Have you been inspired by Milind Soman’s recent Ironman feat, and are aiming to run the Mumbai Marathon in January, 2016? Here’s a primer on where you’re at (in terms of fitness) and how to reach your goal.
Dream Run 7km
Who’s it for: Suitable for beginners, the Dream Run can easily be achieved by most fit individuals.
Fitness level: Going from couch potato to running even a 5km stretch is tricky. However, with more than five months in hand, anyone can attempt a dream run. “Even if you’ve led a sedentary life till now, you can still start training,” says Reebok Master Trainer Vinata Shetty.
How to train: “Start with a jog-walk-jog schedule and run at least thrice a week,” says Shetty. Building up mileage over time is the key to injury-free running. Also, don’t ignore core fitness level: “You should look at incorporating muscle-strengthening training,” says Neeraj Mehta, celebrity trainer and a marathon runner himself.
Half Marathon 21km
Who’s it for: This distance can be highly rewarding for fitness enthusiasts. Half marathons are a popular choice among those aiming to go the whole distance. “The key to run longer distance is mind-body conditioning. You should be able to drive your body with the help of your mind,” says Mehta.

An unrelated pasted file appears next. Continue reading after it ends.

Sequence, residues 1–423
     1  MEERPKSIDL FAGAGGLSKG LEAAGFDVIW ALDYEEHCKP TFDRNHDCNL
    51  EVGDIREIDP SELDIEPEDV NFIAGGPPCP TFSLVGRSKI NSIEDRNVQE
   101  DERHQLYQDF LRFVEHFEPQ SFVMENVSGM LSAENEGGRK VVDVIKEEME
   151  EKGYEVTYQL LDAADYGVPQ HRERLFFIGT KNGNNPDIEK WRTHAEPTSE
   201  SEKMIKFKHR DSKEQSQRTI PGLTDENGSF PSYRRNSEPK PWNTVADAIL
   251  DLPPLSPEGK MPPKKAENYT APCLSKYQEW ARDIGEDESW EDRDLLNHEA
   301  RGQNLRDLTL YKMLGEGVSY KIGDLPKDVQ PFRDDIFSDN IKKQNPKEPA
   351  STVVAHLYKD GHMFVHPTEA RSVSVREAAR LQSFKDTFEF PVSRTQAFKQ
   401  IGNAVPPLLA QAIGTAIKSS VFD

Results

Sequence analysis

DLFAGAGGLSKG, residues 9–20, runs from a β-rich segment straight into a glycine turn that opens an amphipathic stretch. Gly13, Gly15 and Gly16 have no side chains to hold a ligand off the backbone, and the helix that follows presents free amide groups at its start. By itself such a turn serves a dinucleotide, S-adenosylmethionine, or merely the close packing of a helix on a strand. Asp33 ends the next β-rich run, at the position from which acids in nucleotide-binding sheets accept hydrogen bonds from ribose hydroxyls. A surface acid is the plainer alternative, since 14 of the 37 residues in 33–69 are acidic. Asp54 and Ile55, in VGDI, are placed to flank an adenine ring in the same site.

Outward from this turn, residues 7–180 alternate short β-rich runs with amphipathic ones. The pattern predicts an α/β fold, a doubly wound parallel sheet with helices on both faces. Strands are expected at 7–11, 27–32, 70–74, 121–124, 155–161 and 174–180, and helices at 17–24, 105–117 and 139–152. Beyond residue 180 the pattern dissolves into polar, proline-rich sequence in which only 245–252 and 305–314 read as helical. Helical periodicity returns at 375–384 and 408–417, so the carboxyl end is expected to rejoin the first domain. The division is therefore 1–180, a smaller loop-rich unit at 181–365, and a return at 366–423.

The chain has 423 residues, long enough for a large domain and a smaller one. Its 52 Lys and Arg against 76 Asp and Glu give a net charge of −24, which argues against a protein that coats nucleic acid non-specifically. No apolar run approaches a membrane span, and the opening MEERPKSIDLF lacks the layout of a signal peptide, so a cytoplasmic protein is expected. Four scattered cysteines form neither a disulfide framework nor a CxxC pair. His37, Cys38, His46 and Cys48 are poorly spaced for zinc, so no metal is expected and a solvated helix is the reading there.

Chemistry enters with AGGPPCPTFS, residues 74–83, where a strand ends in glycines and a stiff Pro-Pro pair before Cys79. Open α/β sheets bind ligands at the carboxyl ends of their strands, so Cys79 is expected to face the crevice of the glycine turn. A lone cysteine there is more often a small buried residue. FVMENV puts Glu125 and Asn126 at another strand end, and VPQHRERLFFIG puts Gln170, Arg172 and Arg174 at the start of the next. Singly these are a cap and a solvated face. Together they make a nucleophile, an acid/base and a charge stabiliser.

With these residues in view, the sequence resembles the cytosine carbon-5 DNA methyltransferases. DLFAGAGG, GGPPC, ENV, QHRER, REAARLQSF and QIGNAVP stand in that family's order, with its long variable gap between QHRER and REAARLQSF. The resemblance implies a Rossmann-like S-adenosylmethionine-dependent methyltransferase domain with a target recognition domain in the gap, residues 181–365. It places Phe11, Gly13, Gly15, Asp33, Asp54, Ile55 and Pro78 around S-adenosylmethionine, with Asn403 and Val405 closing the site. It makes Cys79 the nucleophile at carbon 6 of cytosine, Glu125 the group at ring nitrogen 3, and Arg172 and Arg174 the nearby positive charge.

Fitness level: Runners who have attempted a marathon before, even if it’s the Dream Run, can aim for the half marathon. First time marathon runners may find it tough, but it’s not impossible, opines Shetty.
How to train: Most people need three to four months of practice for a 21km run. “This will help build your lung capacity and endurance,” adds Mehta. Regular training will also keep your cardiovascular health (your heart, that is) in good condition.
Full Marathon 42km
Who’s it for: This is the ultimate challenge. Though professional runners often attempt this distance, it is not just for them. As Shetty puts it, “I have seen people who have never done any physical activity go for the full distance. It depends on how committed you are.”
Fitness level: Individuals who exercise regularly can achieve this target with three-four months of training.
How to train: “Planning is important. You should be able to steadily increase your mileage,” says Mehta. However, he warns of potential fatigue and injury. “If you’re running more than 30km a week, your mileage increase should be 10% or less for the next week,” he adds. Regular practice will help keep your endurance high and facilitate mind and body coordination.
To register for Standard Chartered Mumbai Marathon 2016, visit scmm.procamrunning.in